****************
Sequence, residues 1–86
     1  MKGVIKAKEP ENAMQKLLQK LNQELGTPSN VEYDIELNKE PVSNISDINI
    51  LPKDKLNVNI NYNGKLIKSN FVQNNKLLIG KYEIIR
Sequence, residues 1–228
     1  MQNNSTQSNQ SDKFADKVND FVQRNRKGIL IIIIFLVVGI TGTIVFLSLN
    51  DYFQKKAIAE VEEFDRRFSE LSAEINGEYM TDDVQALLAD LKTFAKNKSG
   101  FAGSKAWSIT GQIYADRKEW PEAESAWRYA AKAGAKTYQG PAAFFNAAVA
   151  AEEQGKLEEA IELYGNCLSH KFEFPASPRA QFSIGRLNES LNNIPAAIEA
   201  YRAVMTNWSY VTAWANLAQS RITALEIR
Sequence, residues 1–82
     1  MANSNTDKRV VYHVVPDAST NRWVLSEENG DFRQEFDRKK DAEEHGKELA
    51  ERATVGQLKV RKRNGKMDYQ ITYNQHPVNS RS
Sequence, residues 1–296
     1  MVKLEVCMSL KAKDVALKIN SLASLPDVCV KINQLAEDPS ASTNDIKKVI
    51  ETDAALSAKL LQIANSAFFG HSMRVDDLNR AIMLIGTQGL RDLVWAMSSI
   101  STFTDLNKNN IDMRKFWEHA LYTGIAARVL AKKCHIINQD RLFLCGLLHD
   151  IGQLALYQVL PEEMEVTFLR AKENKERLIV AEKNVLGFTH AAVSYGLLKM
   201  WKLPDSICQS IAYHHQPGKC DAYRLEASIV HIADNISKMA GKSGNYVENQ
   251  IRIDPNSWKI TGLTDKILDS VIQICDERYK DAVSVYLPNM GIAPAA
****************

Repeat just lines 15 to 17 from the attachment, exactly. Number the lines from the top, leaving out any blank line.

    51  ETDAALSAKL LQIANSAFFG HSMRVDDLNR AIMLIGTQGL RDLVWAMSSI
   101  STFTDLNKNN IDMRKFWEHA LYTGIAARVL AKKCHIINQD RLFLCGLLHD
   151  IGQLALYQVL PEEMEVTFLR AKENKERLIV AEKNVLGFTH AAVSYGLLKM